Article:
The Scars that Show

October 3, 2011
By Anonymous

“What do you want me to do?” my mother screamed.
I didn’t answer right away. I was too busy trying to hold back the tears, and keeping my mask on, that was threatening to break. I knew that if a single tear dropped they wouldn’t stop, but it was too late. A tear slipped down my cheek, breaking my facade. The tears probably made my face look like a waterfall. I silently yelled at myself, as I scratched my arm deeply, adding more red marks then there already were.
Why the heck didn’t I wear my sweatshirt? Oh yeah, I remember, ‘cause I’m an idiot. I was too stupid to remember to put it on after we won our volleyball game. I was too hyped on the adrenaline and excitement of winning. Not to mention I was really hot. So now I had to pay the consequences, which was talking about my recently discovered ‘problem.’ Well it was recent for her, although, it’s been going on for two years.
At first I thought she didn’t care, I mean, it’s been two days since she found out, and she hasn’t made one move to talk about it. That hurt, I guess, but right now I’d gladly take her not caring over the disappointment she was probably feeling. If only I had lied and kept up this act, we wouldn’t be dealing with this.
The Walgreen parking lot, my mother, the cars, and the town all disappeared, leaving me in the guidance counselor's room. Mrs. Verch sat across from me leaning forward, while I tried to get comfortable in the bean bags I was sitting in. I was stalling a teensy bit, yet trying to act calm when I was freaking out inside.
“Have you been cutting yourself?” she asked.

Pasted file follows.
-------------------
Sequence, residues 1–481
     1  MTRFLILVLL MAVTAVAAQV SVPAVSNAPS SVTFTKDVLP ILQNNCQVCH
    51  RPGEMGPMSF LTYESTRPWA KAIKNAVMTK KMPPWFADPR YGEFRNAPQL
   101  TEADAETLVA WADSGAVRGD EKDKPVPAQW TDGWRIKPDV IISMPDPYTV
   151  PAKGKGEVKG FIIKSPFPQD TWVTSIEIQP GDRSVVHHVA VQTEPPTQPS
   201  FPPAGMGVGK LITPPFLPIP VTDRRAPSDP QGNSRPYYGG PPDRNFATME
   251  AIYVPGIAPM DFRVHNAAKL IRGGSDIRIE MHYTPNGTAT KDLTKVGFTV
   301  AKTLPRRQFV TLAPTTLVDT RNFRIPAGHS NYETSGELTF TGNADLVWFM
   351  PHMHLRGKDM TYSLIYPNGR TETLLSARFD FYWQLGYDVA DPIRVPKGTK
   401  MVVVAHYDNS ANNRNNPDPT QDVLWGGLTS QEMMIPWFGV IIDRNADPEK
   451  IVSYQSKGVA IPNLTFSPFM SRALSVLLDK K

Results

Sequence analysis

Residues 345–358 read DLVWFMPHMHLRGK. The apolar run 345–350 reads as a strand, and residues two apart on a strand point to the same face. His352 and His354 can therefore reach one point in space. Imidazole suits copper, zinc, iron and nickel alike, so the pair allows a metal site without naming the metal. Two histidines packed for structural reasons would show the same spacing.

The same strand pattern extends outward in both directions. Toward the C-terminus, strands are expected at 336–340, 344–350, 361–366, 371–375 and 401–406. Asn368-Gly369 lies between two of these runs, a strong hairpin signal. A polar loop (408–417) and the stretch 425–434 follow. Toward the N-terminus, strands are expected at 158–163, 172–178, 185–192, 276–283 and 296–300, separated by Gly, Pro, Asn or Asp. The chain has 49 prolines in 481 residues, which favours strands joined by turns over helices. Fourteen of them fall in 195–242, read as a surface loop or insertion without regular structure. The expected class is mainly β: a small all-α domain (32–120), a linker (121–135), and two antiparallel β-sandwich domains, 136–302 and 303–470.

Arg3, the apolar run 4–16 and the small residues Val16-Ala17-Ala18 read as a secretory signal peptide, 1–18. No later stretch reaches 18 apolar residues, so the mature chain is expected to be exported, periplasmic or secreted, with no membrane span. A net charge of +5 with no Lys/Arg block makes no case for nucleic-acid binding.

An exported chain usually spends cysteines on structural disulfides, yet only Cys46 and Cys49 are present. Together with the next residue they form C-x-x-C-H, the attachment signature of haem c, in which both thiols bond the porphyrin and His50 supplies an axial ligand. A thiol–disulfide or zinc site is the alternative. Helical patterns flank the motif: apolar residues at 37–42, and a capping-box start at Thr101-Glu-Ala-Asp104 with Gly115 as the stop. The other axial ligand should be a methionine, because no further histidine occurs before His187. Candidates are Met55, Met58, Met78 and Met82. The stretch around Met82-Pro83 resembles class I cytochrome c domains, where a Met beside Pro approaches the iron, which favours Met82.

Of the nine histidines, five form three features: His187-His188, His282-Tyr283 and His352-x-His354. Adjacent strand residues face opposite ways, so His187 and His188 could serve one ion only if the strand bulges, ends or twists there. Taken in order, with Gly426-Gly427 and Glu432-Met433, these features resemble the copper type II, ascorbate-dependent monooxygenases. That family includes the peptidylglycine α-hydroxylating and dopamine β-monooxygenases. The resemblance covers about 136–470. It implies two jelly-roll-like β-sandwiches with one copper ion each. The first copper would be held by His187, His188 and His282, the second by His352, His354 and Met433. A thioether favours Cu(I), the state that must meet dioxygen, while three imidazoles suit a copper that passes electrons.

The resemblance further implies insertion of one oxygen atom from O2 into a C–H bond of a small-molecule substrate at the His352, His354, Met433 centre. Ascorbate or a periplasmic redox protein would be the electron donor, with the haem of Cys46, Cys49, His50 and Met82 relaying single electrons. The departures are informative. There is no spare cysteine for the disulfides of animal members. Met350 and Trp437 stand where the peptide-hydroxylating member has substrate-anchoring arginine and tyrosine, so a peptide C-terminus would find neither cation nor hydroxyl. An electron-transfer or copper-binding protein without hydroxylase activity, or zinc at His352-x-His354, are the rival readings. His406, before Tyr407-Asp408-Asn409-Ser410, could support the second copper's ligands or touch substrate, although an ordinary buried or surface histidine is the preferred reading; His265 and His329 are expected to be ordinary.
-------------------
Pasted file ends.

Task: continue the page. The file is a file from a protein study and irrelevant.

I didn’t respond, instead I looked down at my hands, that were moving nervously. Tears started to fill my eyes, but I blinked them back. I knew she’d take my silence as a confession, but I was sick of lying. I remained quiet until she spoke once again.
She confirmed my thoughts and asked to see my arm. I complied giving it to her, but not pushing up my baggy, gray sweatshirt sleeve as if trying to stall her even more. Once she pushed up the sleeve, I looked away. I was too ashamed of my arm to even glance at it. Yet, I knew how it’d look. Covered in angry, red cuts, scratches, and nail marks. Worse part was I knew my parents were next to find out.
The town came back and I was forced to face the present reality.
What do you want me to do? My mother’s question pounded inside my head. What did I want her to do? Honestly, not a thing. I wanted her to let me deal with this problem. It was my problem, I wasn’t hurting anyone... else. I didn’t want to have her worry about it, but I knew that answer wouldn’t suit her. So I stuttered out the first thing that came to my mind.
“I- I don’t know,” I mumbled. “Your support?”
Her eyebrows scrunched up, showing her confusion. “My support? What do you mean?”
“I don’t know,” I sighed.
I told her the truth. I didn’t know what I wanted from her, well I didn’t know what I wanted, if she wanted to participate, but I knew what I wanted myself to do. I wanted to disappear, or better yet, make this problem disappear.
I wanted to go back to two years ago when this all climaxed, maybe even go further back, when I was the peppy, annoying, mismatching tom-boy. When you were unaware of me hurting myself. When you were proud of me. Maybe I’d even stop it... find another way to release all this confusion, anger, and hurt. But it’s apart of me now, it’d always be, no matter how much I despised myself for it. It’d never go away, I could never be who I wanted to be. I don’t even know who I am!
That was probably the most disturbing thought of all. Yeah, I know every teenager has a phase where they have no idea who they are, but I was always so sure! I was still me, I know that, but now I don’t know who me is. Is me happy, sad, or angry? I didn’t know, but I will find out.
“I just need you to be there for me,” I finally said, and that was that.
That’s all I needed the rest I could handle on my own... I hope.

The author's comments:
Depression has been in my family for a while. My sister has it, my mom has it, but I was the first to get it so young. A lot of my family says it's because I'm in middle school, but it's been going on since before that. I know I'm not the only one to have this, and I know I won't be the last, but sometimes that doesn't give any comfort. For me it's really just easier to write what I feel, instead of saying it.

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